The Top 12 Things You Need Now That You Have Your TIG Welder
A viewer who just bought an AHP AlphaTIG 200X asked what he needs to get before the machine arrives so he can play - work! - as soon as his new TIG welder arrives.
First, get a bottle of ARGON GAS, because that's what TIG welders run on. There are several different sizes of bottle; Kevin shows two different sizes. He likes what he calls the 5-foot one, although you can also get a 3-foot bottle of welding gas. It'll depend upon what size cart you have and how much you are going to be welding. He gets about 3 weeks to a month of continous use out of the larger bottle, and about 2 weeks out of the smaller one.
If you're wondering if you can just use the mixed gas (argon and CO2) you use for your MIG welder, the answer is no. You won't like the results. You need to use straight argon gas for TIG welding.
You're going to need a WELDING CART, too. You can get around using a cart - some guys will just put the welder on their workbench - because they're going to work just at the bench. Kevin is all over his studio, so a welding cart really comes in handy.
He built his own cart. And now you have a welder, that's a great first project: make your own cart. Or you can sometimes buy one from whoever you buy your welder from. You can also buy them at Harbor Freight or your local welding store, but he urges you to make your own.
You're also going to need some TIG welding GLOVES. Make sure you get TIG welding gloves, not the heavy stick and MIG welding gloves. You want something that is a little thinner so you have more manual dexterity. You need to be able feed filler rod and feel what you are doing. Remember, you have your welding helmet down, so being able to feel is really helpful. Kevin prefers Tillman's 1490 gloves.
You're going to need FILLER ROD, too. You can buy it in 10-pound or 1-pound tubes. The rod looks just like straightened coat hangers. Ask for them at your welding store, based on what you are going to be welding - they come in many different types for different types of metal and welding. Kevin recommends starting with steel, then moving into aluminum, stainless, etc. "You'll have dozens of these tubes around," he says.
While you're at the welding store, pick up a decent welding HELMET. Kevin likes the auto-darkening feature on his helmets. You can get fixed shade helmets that are much cheaper, but then you have to be able to get everything set up for TIG welding, then flip your helmet down so you can start welding. "You won't be able to see anything until you strike an arc," he says.
You'll also need a WORKBENCH or WORK TABLE. You can buy a welding table or make your own. If you make one, it should be a steel table, someplace you can have red hot metal, smoke, flames. You want something flat, straight and smooth. You need someplace flat to start, so whenever you build something, you know it's going to stand up straight. It can be something as simple as a couple of cinder blocks with a piece of steel across them.
You need something to hold your work down with, so you need some CLAMPS. There are lots of different kinds. Some do specific jobs. Kevin shows two kinds he uses: the Kant Twist clamps, which are built to keep the work straight; and heavy welding clamps that have a long throat.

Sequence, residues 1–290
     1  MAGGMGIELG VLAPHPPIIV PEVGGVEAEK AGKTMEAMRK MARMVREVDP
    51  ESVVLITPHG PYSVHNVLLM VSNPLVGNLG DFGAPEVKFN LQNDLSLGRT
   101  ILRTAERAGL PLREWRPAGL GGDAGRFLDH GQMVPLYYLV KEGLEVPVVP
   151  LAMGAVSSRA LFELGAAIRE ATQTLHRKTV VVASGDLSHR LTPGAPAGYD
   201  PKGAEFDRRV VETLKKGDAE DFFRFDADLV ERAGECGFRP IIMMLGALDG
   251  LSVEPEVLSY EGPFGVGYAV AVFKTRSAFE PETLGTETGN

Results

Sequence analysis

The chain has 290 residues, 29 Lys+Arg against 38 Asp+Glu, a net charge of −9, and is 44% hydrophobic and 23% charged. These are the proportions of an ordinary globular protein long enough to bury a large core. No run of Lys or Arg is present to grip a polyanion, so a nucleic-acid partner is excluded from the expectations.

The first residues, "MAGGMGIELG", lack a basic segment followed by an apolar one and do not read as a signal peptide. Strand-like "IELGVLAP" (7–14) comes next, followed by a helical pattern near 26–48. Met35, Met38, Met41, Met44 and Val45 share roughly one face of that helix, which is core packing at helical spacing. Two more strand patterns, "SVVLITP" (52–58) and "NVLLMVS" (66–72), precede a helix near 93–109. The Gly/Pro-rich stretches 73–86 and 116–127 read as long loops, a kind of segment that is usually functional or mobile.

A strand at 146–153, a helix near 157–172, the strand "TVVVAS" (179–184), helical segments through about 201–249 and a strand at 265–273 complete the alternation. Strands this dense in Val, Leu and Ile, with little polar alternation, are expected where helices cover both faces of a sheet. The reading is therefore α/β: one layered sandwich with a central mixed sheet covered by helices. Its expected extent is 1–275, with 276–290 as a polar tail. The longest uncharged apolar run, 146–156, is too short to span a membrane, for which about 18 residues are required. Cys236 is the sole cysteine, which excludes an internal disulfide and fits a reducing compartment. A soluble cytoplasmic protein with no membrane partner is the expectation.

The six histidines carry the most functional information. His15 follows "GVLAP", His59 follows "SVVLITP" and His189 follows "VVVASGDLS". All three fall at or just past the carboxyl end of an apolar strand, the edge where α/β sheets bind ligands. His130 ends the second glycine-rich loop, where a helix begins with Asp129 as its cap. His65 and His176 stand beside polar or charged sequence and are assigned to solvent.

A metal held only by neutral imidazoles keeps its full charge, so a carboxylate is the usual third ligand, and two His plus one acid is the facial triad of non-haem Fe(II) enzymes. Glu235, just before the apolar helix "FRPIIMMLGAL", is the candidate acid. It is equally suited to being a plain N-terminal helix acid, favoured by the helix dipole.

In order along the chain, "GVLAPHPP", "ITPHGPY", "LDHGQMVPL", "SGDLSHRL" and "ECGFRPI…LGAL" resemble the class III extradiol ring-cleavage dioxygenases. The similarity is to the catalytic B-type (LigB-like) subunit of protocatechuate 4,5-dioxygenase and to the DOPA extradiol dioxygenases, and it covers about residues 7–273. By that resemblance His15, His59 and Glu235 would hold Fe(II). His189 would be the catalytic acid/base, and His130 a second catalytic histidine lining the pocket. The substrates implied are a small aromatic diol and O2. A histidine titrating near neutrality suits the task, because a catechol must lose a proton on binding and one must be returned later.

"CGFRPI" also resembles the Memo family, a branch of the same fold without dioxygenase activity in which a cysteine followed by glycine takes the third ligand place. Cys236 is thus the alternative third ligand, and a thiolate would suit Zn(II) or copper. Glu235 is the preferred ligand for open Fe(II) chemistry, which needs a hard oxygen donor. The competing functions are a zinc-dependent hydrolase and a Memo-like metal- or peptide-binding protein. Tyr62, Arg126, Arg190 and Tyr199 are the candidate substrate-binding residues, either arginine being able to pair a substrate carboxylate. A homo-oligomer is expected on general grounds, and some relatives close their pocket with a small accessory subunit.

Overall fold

Kevin also recommends WELDING PLIERS. He admits that the ones he uses are for MIG welding. He uses them while TIG welding, too, for picking up hot parts like pulling tungstens out of the torch as well as for retrieving filler rod from the floor. They also have a wire cutter for trimming filler wire.
While you're at the store, buy a 4-1/2" GRINDER and some softpads - you're going to want the grinder for prepping your metal and cleaning up your welds as necessary.
Grab some SAFETY EQUIPMENT, too: safety glasses or a face shield, some hearing protection and a dust mask also can come in handy.
With the AHP TIG welder, you get a little kit with different diameter cups for your torch that help the gas coverage when it comes out of the welding torch. You also get tungstens with your AHP welder, but you'll need to sharpen them. You'll want a DEDICATED TUNGSTEN GRINDER for that. You can buy an expensive grinder made for tungstens, but Kevin shows the $10 one he got at Harbor Freight as well as some diamond wheels for sharpening. He cautions not to use your regular bench grinder, which is a good way to wear out its wheel and contaminate your tungsten, which leads to bad welds.
The AHP AlphaTIG 200X and many other TIG welders now also have a stick welder, or arc welder, built in. So you may want to pick up a 1-pound box of STICK ROD at your welding supply store, too. If you're not going to use the stick function right away, though, Kevin recommends waiting to buy welding rod for it.
Once you have everything you need, set up your TIG welder, play with it, learn how to use it. Run it for a month of actual use, and then figure out what you want from there.
Well, you might want to stick around for another minute for another moment to see things get a little crooked ....
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